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McLeod Soars from Canadian Wilderness into Title Contention in Red Bull Air Race

A typical day of fun for Pete McLeod as a Canadian teenager involved flying fishermen to distant destinations that often aren’t found on maps.

Growing up with such an affinity for airplanes and experiencing the joy of letting go in the air prepared him for the thrill of competing in such events as the Red Bull Air Race World Championship at Indianapolis Motor Speedway.

“I’m from a small town (Red Lake, Ontario) in northern Canada where basically the highway stops,” McLeod said Friday at IMS. “If you want to go further north, you take a plane. A lot of that is just remote wilderness where you’re not even going to an airport, the float planes landing on lakes. My family was involved in a small fishing outfitting business, and the only way to get to those places was a float plane. An airplane for me was like a tractor or pickup truck would be for a farm kid from Indiana.

“The wildlife, the bears, the bad weather and spending some nights unexpected, that’s all part of it. That’s just normal up there. It’s a very cool place to grow up, for sure, a far cry from traveling the world racing airplanes. That environment, me growing up and being so comfortable in an airplane, is a big factor of why I’m able to be here and do this.”

McLeod became the youngest pilot and first Canadian to qualify for the Red Bull Air Race series, in 2009. He won his first race in 2014 at Las Vegas, one of six career podium finishes. He aspires to become the youngest World Champion in series history.

Now 33, he’s still chasing the distinction as youngest champion earned by the late Austrian Hannes Arch, who triumphed at 41 in 2008. McLeod enters Sunday seven points behind leader Martin Sonka of the Czech Republic and three points back from second-place pilot Yoshihide Muroya of Japan.

A race winner is rewarded with 15 points. Failing to advance to the final four means six points for finishing fifth. Failing to make the round of eight means a getting just two points for ninth.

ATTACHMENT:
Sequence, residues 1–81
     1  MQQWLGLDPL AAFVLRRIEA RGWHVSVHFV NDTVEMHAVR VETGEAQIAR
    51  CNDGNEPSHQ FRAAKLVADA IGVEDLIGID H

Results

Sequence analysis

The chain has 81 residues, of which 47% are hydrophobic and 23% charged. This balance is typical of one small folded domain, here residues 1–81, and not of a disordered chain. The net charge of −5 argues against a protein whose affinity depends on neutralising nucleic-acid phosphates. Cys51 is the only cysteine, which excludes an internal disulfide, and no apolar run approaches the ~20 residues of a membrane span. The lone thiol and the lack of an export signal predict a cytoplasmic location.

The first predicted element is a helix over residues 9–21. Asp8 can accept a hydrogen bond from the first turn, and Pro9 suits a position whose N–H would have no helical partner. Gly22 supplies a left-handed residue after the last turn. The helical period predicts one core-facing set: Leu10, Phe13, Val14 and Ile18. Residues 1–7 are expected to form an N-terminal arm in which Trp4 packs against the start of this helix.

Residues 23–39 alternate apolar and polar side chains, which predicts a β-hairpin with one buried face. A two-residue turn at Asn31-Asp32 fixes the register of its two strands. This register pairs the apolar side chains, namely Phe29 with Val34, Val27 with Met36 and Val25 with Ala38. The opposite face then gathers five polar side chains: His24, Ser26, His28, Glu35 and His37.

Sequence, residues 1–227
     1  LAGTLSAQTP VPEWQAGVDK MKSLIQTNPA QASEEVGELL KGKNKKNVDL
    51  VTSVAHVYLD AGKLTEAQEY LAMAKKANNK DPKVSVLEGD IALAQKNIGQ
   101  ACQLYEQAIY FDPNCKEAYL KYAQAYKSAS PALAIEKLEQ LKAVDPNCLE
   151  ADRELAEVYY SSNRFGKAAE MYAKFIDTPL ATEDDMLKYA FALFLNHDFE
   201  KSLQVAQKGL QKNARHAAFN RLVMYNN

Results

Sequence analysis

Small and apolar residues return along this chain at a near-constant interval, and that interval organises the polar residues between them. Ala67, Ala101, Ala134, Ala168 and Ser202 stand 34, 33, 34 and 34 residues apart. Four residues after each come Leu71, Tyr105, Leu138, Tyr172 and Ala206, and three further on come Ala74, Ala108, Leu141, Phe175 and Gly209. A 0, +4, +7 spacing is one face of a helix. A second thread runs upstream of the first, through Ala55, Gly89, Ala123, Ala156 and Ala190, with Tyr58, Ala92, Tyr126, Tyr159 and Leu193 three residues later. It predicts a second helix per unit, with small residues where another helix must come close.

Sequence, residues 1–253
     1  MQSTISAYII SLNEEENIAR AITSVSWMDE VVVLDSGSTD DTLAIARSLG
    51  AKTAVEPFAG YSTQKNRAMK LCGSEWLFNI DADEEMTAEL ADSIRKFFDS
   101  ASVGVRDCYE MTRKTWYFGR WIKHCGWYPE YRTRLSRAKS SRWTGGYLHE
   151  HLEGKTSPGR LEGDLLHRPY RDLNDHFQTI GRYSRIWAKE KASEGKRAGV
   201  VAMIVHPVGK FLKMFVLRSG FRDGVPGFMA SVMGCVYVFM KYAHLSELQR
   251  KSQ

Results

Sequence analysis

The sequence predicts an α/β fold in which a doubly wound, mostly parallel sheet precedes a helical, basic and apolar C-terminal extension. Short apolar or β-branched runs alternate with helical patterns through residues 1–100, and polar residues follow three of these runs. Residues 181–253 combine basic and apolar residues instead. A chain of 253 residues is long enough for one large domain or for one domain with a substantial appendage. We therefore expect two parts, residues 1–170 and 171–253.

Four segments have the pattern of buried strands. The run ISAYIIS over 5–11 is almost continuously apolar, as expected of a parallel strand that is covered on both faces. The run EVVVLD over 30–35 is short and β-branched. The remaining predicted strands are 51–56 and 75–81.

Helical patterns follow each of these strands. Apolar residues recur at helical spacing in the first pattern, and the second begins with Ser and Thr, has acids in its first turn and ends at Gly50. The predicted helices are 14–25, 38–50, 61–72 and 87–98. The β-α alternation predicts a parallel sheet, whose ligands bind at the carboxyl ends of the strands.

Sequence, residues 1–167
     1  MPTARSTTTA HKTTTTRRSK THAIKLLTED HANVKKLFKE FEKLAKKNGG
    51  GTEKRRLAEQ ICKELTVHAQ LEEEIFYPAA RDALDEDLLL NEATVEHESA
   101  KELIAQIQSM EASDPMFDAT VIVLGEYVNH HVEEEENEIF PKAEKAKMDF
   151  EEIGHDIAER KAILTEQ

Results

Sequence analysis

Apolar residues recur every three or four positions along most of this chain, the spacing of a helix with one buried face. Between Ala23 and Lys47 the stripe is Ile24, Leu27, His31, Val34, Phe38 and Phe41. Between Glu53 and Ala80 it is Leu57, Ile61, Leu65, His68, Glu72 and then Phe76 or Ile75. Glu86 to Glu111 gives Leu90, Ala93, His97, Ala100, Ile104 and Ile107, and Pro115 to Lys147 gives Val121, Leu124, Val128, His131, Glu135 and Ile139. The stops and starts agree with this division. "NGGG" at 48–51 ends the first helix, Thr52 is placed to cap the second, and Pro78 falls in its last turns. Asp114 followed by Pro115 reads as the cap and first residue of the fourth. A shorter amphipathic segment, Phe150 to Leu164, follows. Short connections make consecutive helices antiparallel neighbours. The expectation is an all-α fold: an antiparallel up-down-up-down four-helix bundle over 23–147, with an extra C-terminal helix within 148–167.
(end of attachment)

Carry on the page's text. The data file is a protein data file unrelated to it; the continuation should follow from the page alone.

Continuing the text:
McLeod earned 12 points for three consecutive runner-up finishes at Budapest (Hungary), Kazan (Russia) and Porto (Portugal) before picking up six points in his most recent start, Sept. 17 at Lausitzring (Germany).

“As long as some of these other young guys don’t win any time soon, I can still (be the youngest champion) for a number of years,” McLeod said. “I’m now not the youngest guy in the series as of this year. Mika Brageot is a couple of years younger than me. I would love to not only win a World Championship, but it’s my goal to win multiple World Championships in my career. We’ve got to start with the first one.”

Racing in this series is beyond the wildest dreams of this former bush pilot.

“I grew up as a Canadian kid playing a lot of hockey and sports and driving snowmobiles, going faster than I should on everything,” he said. “The mix of competition and sport, I’ve always loved that, and, of course, performance and speed.

“There’s not a lot of auto racing up there, but I was about anything with a motor. I was your typical teenage boy. If it’s got a motor and goes fast, I liked it. And I also loved to play sports and compete. To connect all of that with flying, I can’t think of a better scenario. I feel like this sport is made for me.

“I’ve been doing this already for eight years. We work hard and travel a lot, a couple hundred days on the road, and everything in between is all getting ready for the rest of it. But I never wake up and feel like I have to go to work each day because I love what I do.”

After the season ends, McLeod loves to return home and reconnect with his roots, and once again fly to parts unknown in a float plane.

“It’s definitely still a very special place for me,” he said. “Obviously with the schedule, I don’t get up there as much as I’d like to. Typically after this race, we’re at the end of the season, and I try to find my way up before the weather gets too bad up there. I fit it in whenever I can.

“It’s still very relaxing to me to get in the float plane, go one third the speed of the race plane and just cruise around down low and slow, kind of not have to think about much. It’s a little different than having your hair on fire on the racetrack, but it’s still a lot of fun.”

Visit IMS.com to purchase tickets for the Red Bull Air Race World Championship and for more information on the event weekend. Children 15 and under receive free General Admission when accompanied by an adult General Admission ticket holder.

An interactive Fan Guide for the event also is available at www.ims.com/RBARFanGuide.


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Pete McLeod
 
McLeod Soars from Canadian Wilderness into Title Contention in Red Bull Air Race
A typical day of fun for Pete McLeod as a Canadian teenager involved flying fishermen to distant destinations that often aren’t found on maps. Growing up with such an affinity for airplanes and experiencing the joy of letting go in the air prepared him for the thrill of competing in such events as the Red Bull Air Race World Championship at Indianapolis Motor Speedway.
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